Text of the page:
Developers September 15, 2020

Do I really need React?

reformer

I'm going through a phase of paralysis and probably just procrastinating by worrying over this.

I've come from a Node/Go background but really wanted to build out my new project in something extremely productive, rather than writing queries and validation over and over again. I'm decently familiar with Python, and Django is something that will do a lot for me and let me focus on features so I went with that.

What followed was me assuming I needed React, and spending a fair amount time learning about DRF and struggling to implement the correct Auth routes (Allauth) and obviously all the React/Redux boilerplate, with Typescript thrown in (I've used Typescript extensively, but it's not exactly low friction with React/Redux).

I've now wasted so much time.

Now the project is a Dev focused tool so will be behind a login screen, so no SEO concerns, but I thought React would mean it was ultra snappy but now I'm thinking I should just build this damn thing and worry about all that later.

I've even seen cases where you can have a hybrid/progressive app where some parts of the tool bring in React/Vue where required.

Thoughts?

Edit; thank you all for your overwhelming encouragement to get back on track! It's clear that using React right now was a distraction.

  1. 14

    "I'm going through a phase of paralysis and probably just procrastinating by worrying over this."

    • This happens when a craftsman chooses tools that he does not master and all his mental energy is spent on making the tools work... There is little time and energy left for creativity and high level problem solving when the biggest challenge is to use the tools properly.

    Imagine trying to play music with no muscle memory and having to work out where to put your fingers as you play... A real nightmare.

    This is why a craftsman must stick to the tools that he has mastered, when he is producing his best work and not training.

    1. 2

      I appreciate your honest reply, I think I knew this in the back of my head and it's a symptom of the procrastination I struggle with.

  2. 8

    After a couple of years of doing SPA+API (with multiple frameworks) I've now turned around on this. I think it's ridiculous we go to SPA+API as the default option. There are indeed legitimate reasons to use that pattern, but if you can't justify it IMHO you're shooting yourself in the foot.

    Going SPA+API allows you to have full control over the UX, and yes, decoupling presentation from data is good, but it's a shit ton of work which may not make sense in many cases. Not only you now have to deal with application state, complex architecture, etc, but reproducing the same native UX found in browser in an SPA requires a ton of work. For example, when you click back and land on a page with a form that form is pre-filled for you.

    My point is that a classic SSR monolith (PHP, Go, Python, Node, etc) is totally valid. It's less work and you can still have modern UI features. If you go that route, I think Vue is a better choice than React as it's easier to use as a modern jQuery replacement, so to speak.

    Another approach you could use is SSR+hydration. You can setup this on your own, or use something like Next.js. In my current project I'm using Svelte for this. You can check my example setup here if you're interested.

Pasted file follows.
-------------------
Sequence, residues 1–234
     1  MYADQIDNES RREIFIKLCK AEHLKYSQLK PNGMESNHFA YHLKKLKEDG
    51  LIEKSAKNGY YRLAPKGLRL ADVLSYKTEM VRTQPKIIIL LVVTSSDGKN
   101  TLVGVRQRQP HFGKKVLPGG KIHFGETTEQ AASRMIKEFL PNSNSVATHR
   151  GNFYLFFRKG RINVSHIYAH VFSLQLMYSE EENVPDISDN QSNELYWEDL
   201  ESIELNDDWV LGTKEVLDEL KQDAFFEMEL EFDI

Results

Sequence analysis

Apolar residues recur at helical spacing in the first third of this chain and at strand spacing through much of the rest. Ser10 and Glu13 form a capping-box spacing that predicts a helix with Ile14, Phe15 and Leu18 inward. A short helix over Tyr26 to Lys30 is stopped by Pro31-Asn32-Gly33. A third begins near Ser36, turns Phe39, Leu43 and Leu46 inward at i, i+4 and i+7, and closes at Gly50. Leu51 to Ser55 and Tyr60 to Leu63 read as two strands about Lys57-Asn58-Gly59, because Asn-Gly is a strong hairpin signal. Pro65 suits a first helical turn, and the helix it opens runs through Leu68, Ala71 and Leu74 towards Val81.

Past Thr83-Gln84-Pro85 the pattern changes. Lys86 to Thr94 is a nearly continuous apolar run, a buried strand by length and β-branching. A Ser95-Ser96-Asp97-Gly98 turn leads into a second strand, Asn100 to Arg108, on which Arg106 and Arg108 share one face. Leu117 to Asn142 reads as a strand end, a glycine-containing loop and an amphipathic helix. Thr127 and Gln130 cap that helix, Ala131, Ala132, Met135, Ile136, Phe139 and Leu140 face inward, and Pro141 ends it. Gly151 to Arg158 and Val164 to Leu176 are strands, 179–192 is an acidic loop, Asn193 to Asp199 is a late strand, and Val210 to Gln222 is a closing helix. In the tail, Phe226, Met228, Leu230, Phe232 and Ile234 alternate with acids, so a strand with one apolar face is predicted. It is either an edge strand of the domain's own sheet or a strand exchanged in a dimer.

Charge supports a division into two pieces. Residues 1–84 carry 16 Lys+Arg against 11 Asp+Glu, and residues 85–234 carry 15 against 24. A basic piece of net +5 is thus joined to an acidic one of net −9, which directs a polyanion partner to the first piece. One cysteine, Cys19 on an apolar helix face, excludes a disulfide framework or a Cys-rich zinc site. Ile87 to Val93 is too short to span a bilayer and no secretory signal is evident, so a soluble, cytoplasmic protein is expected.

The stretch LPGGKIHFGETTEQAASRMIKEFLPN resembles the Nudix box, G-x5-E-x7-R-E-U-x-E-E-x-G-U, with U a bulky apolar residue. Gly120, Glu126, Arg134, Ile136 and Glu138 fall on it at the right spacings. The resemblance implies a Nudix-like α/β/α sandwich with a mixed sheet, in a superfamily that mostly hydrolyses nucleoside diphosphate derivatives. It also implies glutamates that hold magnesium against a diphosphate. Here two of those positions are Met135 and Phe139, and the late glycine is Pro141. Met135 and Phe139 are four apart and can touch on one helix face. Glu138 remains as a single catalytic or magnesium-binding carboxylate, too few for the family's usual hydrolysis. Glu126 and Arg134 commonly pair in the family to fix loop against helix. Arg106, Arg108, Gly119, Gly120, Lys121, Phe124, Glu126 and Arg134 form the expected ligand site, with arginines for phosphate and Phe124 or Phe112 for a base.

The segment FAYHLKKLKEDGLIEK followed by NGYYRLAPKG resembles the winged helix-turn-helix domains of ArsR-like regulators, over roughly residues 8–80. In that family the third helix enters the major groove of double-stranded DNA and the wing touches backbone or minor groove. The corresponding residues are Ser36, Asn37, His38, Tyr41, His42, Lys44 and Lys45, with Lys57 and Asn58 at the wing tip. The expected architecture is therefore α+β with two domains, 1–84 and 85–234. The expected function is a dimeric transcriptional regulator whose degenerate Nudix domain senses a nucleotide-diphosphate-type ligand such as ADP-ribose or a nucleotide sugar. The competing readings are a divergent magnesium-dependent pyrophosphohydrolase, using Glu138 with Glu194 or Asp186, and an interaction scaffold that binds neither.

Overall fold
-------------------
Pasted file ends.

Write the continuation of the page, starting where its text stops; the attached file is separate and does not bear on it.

https://github.com/PierBover/svelte-ssr-webpack-example

    Some people argue that users prefer the "app like" feeling. But I don't think that's relevant. Github, Wikipedia, Stackoverflow, Amazon, and a very long list of successful companies are not SPAs.

    Heck, even using jQuery might be valid. Digital Ocean's dashboard is made with jQuery and it's perfectly fine.

    Edit:

    It's the Vultr Dashboard not the DO one!

    1. 2

      DigitalOcean’s dashboard is written in Ember, and they’re migrating to React. Source: I used to work on that team!

      I agree with your point, for the most part; most apps don’t need to be a SPA. But it’s not a bad idea either. It’s all trade offs, and there are some compelling UX/DX benefits to that route!

      1. 1

        Oh you're right! I just checked it.

        It's actually the Vultr dashboard.

    2. 1

      Definitely agree with the Next.js (React) or Sapper (Svelte) approach. Then you can begin with a complete server-side website, and make the client-side richer at a later point (or not).

      1. 1

        FYI Sapper is not really SSR. The first request is rendered server side, but afterwards it becomes an SPA.

    3. 1

      Why does jQuery need to be replaced?

      1. 1

        Because having components, data binding, and some kind of reactivity will allow you to build sophisticated UIs with more ease.

    4. 1

      "Digital Ocean's dashboard is made with jQuery". Do you have other good examples of companies using jQuery?

      1. 2

        React is still a tiny niche solution in Web development: jQuery is used by 76.5% of all the websites, that is a JavaScript library market share of 97.3%.

        Source: https://w3techs.com/technologies/comparison/js-jquery,js-react

        1. 1

          I guess this would be a better metric:

          https://trends.google.com/trends/explore?cat=31&q=Vue,React,Angular,jquery

          Not as dramatic, but jQuery is still much more popular.

        2. 1

          Comparing total usage when React and jQuery have a 7 year age difference is pretty misleading, since 7 years in programming terms is a VERY long time. It would probably be more worthwhile to see how the interest between React, Vue, Angular, and jQuery from the point of the latest birth between these 4 technologies and today has changed over time.

          1. 1